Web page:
How Donald Trump blew up the bond market and changed everyone’s view of interest rates
In a flash, the world has changed for bond investors, savers and borrowers.
President-elect Donald Trump’s White House victory was a surprise, and so is the ripping sell-off in global bond markets, which has quickly driven U.S. interest rates to the highest levels in a year. The rout has wiped out an estimated $1 trillion from global bond markets and has Wall Street scrambling to retool its forecasts.
The sell-off comes on the expectation that Trump’s promised infrastructure spending and tax cuts will result in higher growth — but also higher inflation and higher amounts of U.S. government debt.
‘A fundamental rethink’
“I think there’s a fundamental rethink in the near-term outlook, as it relates to expectations for growth and also (Federal Reserve) policy. All of this has to do with increased optimism that there will be some fiscal stimulus in the near term and some type of deregulation, both of which will underpin growth,” said Mark Cabana, head of U.S. short rate strategy at Bank of America Merrill Lynch.
Since last week’s election, the benchmark 10-year Treasury has gone from a yield of 1.80 to 2.30 percent. It has moved higher with the dollar, which is up about 2.5 percent against a basket of currencies. The 30-year bond yield crossed the psychological 3 percent level Monday.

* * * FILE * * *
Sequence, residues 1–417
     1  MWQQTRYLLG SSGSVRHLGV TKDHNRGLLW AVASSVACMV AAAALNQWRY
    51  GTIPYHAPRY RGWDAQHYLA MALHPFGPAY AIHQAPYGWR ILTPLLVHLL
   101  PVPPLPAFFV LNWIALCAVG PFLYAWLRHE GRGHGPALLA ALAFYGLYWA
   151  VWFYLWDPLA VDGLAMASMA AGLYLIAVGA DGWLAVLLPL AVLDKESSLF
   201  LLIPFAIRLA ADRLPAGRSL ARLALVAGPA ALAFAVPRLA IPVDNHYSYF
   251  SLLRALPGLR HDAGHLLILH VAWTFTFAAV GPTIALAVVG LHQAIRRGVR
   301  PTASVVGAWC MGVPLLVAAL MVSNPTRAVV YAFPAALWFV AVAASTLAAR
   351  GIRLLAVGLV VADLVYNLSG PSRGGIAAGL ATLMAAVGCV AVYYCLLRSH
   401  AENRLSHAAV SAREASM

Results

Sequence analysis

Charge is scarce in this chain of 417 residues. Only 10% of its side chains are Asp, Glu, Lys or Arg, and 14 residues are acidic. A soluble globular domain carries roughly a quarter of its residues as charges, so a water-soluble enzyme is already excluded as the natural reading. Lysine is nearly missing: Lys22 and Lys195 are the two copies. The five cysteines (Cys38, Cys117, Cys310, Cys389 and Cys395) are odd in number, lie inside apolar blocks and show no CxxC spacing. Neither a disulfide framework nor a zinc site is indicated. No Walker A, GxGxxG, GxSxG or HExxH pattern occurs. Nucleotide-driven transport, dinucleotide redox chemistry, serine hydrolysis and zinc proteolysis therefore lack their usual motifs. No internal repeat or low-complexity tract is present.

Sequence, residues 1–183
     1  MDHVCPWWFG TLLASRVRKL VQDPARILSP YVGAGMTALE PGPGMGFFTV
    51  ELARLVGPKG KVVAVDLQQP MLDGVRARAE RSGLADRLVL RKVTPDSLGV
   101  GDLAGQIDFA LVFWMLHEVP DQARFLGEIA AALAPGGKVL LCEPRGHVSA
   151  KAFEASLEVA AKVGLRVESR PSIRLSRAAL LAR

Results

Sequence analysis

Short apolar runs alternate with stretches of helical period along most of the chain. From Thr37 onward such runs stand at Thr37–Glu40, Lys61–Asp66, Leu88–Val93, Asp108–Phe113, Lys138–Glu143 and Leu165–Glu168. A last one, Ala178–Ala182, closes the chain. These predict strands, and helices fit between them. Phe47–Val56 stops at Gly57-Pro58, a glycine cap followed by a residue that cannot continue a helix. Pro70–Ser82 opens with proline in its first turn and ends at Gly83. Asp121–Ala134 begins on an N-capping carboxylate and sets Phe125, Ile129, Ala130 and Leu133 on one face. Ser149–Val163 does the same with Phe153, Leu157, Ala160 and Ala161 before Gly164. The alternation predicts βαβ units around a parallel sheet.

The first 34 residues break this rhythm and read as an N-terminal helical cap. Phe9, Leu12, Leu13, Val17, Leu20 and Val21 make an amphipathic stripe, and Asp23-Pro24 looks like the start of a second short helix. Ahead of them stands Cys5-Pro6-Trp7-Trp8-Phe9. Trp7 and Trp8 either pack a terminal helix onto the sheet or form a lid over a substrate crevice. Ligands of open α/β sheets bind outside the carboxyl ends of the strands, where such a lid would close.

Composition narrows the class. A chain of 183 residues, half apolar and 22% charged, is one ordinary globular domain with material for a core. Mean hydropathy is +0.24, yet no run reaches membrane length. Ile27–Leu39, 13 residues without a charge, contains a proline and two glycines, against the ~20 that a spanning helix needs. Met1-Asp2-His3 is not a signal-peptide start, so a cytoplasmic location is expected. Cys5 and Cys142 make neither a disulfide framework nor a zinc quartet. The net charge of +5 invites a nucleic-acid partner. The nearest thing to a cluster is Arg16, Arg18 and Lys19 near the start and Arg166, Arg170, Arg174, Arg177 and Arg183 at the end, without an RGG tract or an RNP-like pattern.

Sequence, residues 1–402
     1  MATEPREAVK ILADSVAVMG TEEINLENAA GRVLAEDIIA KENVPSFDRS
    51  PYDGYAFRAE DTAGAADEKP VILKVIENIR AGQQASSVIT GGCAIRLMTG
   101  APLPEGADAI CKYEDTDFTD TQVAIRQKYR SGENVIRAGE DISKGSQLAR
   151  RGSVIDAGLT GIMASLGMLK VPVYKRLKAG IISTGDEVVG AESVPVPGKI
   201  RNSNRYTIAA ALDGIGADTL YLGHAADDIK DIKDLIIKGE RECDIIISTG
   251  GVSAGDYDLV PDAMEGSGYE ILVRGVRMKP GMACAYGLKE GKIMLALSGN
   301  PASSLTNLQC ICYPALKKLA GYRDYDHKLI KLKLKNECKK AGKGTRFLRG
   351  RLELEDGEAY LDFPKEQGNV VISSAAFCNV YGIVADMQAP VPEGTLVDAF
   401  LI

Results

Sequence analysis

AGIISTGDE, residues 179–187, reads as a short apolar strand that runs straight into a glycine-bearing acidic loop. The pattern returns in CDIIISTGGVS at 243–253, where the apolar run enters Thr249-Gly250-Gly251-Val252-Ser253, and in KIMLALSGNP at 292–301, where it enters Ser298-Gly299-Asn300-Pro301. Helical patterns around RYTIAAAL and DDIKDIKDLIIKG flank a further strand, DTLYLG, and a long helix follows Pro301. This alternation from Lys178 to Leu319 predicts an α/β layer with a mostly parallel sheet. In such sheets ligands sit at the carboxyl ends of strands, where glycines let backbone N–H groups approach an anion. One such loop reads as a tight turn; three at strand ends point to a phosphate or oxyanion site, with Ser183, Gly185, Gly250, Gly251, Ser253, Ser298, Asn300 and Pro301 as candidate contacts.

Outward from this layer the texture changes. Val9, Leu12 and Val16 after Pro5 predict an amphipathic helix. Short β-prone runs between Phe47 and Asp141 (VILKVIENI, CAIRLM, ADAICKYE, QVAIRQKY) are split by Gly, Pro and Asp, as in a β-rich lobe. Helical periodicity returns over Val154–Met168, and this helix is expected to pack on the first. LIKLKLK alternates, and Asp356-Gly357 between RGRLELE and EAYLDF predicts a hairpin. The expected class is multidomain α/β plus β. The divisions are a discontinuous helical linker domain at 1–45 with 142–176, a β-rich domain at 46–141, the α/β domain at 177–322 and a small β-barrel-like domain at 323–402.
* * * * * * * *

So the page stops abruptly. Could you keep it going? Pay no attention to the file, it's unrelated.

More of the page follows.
Mortgages and other financing are based on the 10-year, and fixed-rate and other mortgages are already on the rise. The 30-year fixed rate mortgage is also up a half percent since Trump was elected. It jumped an eighth of a point Monday, to the psychologically important 4 percent level.
So far, the stock market has taken the rise in yields in stride and is rallying. But the move in interest rates will create ripples across the economy.
“If you’re going to buy a house and your mortgage payment went up by $200 or $300, you may buy a smaller house. There’s impact on interest rate sensitive sectors, like autos and housing, and also corporate bonds themselves, where financial engineering has helped juice up the equity market,” said George Goncalves, head of rate strategy at Nomura. With extreme low interest rates, U.S. corporations had been loading up on debt and using proceeds to pay for stock buybacks and dividends, among other things.
For financial institutions, it’s a major positive to have rates rise, and their stocks have been flying since Trump’s election. The S&P financial sector was up 2 percent Monday, after an 11 percent gain last week. Savers will also be helped, as interest rates on Treasurys and money markets edge higher.
“Before the fair value was closer to 1.50 on the 10-year and now the fair value is 2.50 and we basically got to 2.30 overnight. We went from a world starving for yield and people chasing bond markets to very low rates, which was wrong,” said Goncalves. “Now you could get upside of 25 basis points and you could get 25 basis points downside.”
U.S. interest rates have been held down by Fed policy and sluggish U.S. growth, but they have also been distorted by super-low and negative yields, courtesy of central banks in Europe and Japan. Now, the U.S. Treasury market, like a once sleeping giant, is dragging world rates higher with it. Bond yields move inversely to bond prices.
Even the short end of the yield curve, which is tied closest to Fed policy, has seen a steep rise. The 2-year yield rose above 1 percent briefly on Monday and some bond market experts say it could easily reach 1.5 percent in the next year.